The U.S. Library of Congress (LC) isn’t exactly what I’d describe as a national library—at least, not in terms of providing the kinds of services the public has come to expect from their local libraries. But make no mistake, the next librarian of Congress has the opportunity to provide something we desperately need: a national voice on library issues. And Carla Hayden, President Barack Obama’s nominee to become the next librarian of Congress, is exactly the right woman for the job.
Currently the CEO of Baltimore’s Enoch Pratt Free Library, Hayden has had a stellar career so far, including stints at the Chicago Public Library and as a president of the American Library Association (ALA). If confirmed by the Senate, she will become the first professional librarian to lead the LC on a full-time basis in more than 40 years, succeeding James Billington, who retired last September, at the age of 86, amid a chorus of criticism.
Billington’s long tenure was not without its highlights, of course. Appointed by Ronald Reagan in 1987, Billington proved to be a deft fund-raiser. And under his leadership, in 1995, LC launched Thomas.gov, which put federal legislative information online. But over the past decade, LC came under increasing attack for mismanagement and technological blundering. A 2015 report from the Government Accountability Office (GAO) identified widespread information-technology weaknesses at the library, for example. And in a New York Times article last June, Joel C. Willemssen, the author of that GAO report, pointed the finger squarely at Billington. “There wasn’t anybody running the ship with the necessary skills,” Willemssen told reporters.
As many of Billington’s critics—including former Harvard University librarian Robert Darnton—have pointed out, LC did indeed stay on the sidelines over the past decade, when it should have been a leader in support of digital libraries. During Hayden’s confirmation hearing last month, Sen. Roy Blunt acknowledged as much, observing that the library is “struggling, really, to adapt to a new century.”
Blunt is right. Just look at the LC’s World Digital Library, a collection of 13,000 images, maps, and manuscripts (but few books) that is so meager as to be puzzling. (Just 468 items representing Africa? Really?) LC has also been notably absent from the nascent Digital Public Library of America, a cooperative library platform that provides access to a range of digital collections—an initiative that Hayden helped to plan.
One could argue that any good CEO could take on LC’s problems. And yes, Obama could have plucked a retiring technocrat from Silicon Valley, or a university president, respected scholar, or a well-known author to lead LC. Instead, he chose a librarian, who, in his words, “has devoted her career to modernizing libraries so that everyone can participate in today’s digital culture.” Which is exactly right.
As an experienced library leader, Hayden has an enormous advantage. Inheriting troubled institutions and fixing them is what talented library managers do. Although LC’s scale and mission are unique and can be intimidating (it includes departments such as the Congressional Research Service and the Copyright Office), LC still shares much of the same DNA with other kinds of libraries—there are technical services, acquisitions, public services, programming, preservation, information technology, and so on. And on day one, Hayden will arrive at LC knowing what all the library’s many pieces mean, and how to assess how these pieces are working—or not working—together.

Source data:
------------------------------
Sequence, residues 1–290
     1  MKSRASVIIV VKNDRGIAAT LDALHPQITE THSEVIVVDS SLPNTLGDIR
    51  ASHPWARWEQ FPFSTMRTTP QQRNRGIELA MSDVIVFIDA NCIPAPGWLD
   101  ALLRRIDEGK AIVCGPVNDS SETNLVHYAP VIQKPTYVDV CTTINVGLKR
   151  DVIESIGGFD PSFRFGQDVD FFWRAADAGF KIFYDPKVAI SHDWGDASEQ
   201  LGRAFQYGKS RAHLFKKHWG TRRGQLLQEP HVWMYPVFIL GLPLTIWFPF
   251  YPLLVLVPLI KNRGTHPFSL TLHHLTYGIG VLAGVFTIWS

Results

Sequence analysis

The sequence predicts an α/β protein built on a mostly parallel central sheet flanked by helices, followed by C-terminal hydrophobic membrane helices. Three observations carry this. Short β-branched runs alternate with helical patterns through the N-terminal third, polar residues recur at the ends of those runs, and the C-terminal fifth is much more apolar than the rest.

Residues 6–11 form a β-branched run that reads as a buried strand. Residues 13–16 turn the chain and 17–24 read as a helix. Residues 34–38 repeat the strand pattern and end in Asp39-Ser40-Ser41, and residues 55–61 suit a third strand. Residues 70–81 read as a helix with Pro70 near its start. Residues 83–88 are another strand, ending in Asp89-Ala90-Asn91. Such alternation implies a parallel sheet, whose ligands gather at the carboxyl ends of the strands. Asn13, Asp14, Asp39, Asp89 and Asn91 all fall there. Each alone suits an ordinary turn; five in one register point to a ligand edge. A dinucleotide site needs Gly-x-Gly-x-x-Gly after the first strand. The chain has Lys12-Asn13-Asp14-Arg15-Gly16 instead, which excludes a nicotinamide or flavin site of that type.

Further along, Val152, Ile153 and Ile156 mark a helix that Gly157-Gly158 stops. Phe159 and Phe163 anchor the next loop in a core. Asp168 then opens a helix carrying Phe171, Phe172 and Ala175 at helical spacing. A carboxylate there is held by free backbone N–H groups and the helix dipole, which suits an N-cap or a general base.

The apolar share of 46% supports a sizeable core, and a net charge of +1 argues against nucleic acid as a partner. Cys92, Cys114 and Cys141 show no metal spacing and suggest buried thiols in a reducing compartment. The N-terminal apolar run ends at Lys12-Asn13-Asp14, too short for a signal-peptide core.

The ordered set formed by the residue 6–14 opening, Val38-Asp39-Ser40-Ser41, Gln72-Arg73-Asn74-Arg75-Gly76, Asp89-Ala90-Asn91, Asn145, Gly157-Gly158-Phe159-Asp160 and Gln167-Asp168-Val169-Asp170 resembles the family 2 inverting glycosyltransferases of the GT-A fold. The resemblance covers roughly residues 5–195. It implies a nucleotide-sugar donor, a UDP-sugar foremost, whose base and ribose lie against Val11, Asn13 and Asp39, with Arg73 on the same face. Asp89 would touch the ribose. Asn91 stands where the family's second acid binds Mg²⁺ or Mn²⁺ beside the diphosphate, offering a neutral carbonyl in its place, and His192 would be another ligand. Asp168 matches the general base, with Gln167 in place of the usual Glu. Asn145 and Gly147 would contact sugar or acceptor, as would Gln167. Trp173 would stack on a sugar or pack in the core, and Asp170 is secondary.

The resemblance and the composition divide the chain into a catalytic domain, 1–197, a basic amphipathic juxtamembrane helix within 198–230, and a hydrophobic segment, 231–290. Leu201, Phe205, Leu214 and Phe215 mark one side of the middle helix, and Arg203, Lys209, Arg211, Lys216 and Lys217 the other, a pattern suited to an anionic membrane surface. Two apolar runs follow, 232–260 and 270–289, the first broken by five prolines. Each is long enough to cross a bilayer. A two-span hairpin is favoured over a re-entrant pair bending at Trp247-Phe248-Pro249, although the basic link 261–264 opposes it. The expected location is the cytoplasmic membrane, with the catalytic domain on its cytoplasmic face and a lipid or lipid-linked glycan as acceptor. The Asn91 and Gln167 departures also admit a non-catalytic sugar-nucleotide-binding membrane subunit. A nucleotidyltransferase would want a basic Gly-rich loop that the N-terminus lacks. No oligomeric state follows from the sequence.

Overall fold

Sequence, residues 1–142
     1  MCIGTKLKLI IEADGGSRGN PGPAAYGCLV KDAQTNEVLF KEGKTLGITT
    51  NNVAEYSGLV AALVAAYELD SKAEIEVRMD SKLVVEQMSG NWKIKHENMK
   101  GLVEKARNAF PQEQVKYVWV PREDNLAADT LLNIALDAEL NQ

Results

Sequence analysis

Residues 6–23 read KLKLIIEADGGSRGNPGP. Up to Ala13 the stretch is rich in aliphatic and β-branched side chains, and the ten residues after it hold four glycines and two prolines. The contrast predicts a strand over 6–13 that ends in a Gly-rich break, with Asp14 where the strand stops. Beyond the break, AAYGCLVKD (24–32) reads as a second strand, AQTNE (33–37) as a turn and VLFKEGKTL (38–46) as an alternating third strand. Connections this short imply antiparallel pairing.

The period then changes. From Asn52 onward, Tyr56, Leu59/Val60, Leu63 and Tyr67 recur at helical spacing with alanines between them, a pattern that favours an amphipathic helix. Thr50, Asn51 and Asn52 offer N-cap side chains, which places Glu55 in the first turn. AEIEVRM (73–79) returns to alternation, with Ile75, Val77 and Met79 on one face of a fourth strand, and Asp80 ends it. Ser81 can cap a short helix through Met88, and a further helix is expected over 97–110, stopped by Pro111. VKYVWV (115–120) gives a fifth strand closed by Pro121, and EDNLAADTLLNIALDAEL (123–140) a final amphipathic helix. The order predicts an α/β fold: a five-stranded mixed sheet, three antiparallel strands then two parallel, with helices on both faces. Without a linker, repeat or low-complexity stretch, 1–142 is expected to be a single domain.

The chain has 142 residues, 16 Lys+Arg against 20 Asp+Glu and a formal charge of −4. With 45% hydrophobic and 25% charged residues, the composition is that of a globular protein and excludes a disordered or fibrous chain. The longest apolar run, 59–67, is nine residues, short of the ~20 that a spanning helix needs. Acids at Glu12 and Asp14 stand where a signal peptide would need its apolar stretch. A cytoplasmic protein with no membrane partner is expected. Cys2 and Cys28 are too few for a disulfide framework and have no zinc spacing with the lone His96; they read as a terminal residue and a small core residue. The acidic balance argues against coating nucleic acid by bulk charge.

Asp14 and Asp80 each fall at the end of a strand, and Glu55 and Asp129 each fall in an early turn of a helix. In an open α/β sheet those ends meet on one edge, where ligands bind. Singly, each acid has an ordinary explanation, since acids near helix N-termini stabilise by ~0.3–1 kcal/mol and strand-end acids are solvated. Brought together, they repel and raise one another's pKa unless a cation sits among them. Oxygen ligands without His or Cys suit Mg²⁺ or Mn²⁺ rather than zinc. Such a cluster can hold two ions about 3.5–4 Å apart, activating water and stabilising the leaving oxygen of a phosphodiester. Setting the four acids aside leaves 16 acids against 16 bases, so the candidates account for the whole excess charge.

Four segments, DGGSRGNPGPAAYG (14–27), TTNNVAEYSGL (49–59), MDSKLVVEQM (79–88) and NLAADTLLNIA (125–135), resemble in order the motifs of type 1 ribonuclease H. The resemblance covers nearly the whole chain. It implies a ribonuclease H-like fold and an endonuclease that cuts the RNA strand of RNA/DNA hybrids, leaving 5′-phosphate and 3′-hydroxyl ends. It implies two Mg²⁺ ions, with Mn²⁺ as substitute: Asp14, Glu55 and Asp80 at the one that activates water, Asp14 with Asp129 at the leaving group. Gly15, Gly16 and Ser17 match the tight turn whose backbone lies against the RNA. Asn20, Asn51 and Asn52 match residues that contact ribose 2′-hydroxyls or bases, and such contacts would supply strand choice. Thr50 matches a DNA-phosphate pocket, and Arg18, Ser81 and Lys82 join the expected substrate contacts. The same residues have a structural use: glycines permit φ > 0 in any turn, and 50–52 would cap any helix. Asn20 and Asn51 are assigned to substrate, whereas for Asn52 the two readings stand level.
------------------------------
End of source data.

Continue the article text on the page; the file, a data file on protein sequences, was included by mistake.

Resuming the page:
With her broad experience (she has worked as a children’s and young adult librarian in Chicago, and has managed a great urban library system in Baltimore), Hayden is well equipped to naturally reposition LC as not just a research library, but a library in service to the American people, extending our complex cultural heritage beyond the walls of the Jefferson Building. And the fact that Hayden would be both the first African-American and the first woman to serve as librarian of Congress signals inclusiveness and makes it clear who belongs in the library as user, library worker, and leader. The importance of that message cannot be overstated.
Hayden has also proven that she’s not afraid of tough issues. Back in 2004, as ALA president, she famously took on Attorney General John Ashcroft over the Patriot Act, specifically Section 215, which allowed the government to access the records of library users without subpoenas. Let’s hope that some of her bravery also extends to copyright policy.
Finally, Hayden’s nomination makes clear what should be obvious but is too often questioned: that librarians can lead the organizations they’ve created, and served in. If the president of the United States can find a librarian to run the largest and most complex library in the world, then your local library board can do the same when it comes time to hire its leaders.
Despite the tough political environment, there is increasing optimism that Hayden is one Obama appointee who may actually be confirmed. Her hearing before a Senate committee last month was respectful, and relatively conflict free. And she has garnered wide support, despite the suspicions of the content industries, whose litmus test appears to be a reactionary interpretation of copyright and fair use.
In the digital age, libraries are constantly changing, often to the delight (and sometimes confusion) of the communities they serve. It is time for LC to change as well. It is time for LC to better embrace technology, and to become a model for digital libraries throughout the world. Carla Hayden will be a strong asset both in leading that change, and in communicating the need for change to legislators, to funders, to the media, and, most importantly, to the American public.